Any of one to three species (genus Globicephala, family Delphinidae) of toothed whale found in all oceans except the Arctic and Antarctic, also called caa'ing whale for a roaring sound it makes when stranded. It is black, usually with a lighter splash on the throat and chest, and has a round, bulging forehead, a short beaklike snout, and slender, pointed flippers, and grows to 13–20 ft (4–6 m) long. Pilot whales live in large schools, sometimes hundreds or thousands, feeding mainly on squid. They have been kept in oceanariums and trained to perform.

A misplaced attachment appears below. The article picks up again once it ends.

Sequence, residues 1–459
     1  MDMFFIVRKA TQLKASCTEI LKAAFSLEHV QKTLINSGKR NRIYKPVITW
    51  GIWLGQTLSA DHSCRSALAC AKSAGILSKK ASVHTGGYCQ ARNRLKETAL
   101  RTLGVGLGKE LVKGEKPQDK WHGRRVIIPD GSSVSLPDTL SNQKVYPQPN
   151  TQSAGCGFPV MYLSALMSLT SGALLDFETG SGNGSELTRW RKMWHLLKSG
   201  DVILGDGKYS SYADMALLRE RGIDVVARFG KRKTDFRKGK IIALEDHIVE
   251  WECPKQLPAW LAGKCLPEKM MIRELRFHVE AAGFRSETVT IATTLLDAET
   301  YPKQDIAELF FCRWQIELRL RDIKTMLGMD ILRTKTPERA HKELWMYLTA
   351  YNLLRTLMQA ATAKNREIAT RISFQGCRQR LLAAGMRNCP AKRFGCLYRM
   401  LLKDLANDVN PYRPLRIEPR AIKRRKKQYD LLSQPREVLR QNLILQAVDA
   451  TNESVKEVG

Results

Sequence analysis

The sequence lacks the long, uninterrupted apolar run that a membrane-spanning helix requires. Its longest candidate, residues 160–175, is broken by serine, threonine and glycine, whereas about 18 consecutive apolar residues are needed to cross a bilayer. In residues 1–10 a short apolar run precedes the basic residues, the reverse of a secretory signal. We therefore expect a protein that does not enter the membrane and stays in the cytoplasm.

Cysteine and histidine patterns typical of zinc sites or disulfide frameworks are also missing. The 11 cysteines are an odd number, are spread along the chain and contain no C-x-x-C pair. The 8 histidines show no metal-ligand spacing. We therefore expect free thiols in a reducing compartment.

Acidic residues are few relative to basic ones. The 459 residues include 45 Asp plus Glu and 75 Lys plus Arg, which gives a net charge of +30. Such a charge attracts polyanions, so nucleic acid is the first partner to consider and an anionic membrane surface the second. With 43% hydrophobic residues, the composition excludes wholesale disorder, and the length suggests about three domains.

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Widely distributed species (Naucrates ductor, family Carangidae) of carnivorous fish that inhabits warm and tropical open seas. It is slender and has a forked tail, a lengthwise keel on each side of the tail base, and a few small spines in front of the dorsal and anal fins. It may grow to 2 ft (60 cm) but is usually about 14 in. (35 cm) long. Five to seven distinctive vertical dark bands mark the bluish body. Pilot fishes follow sharks and ships, apparently to feed on parasites and leftover scraps. It was formerly thought that they were leading, or “piloting,” the larger fishes to food.
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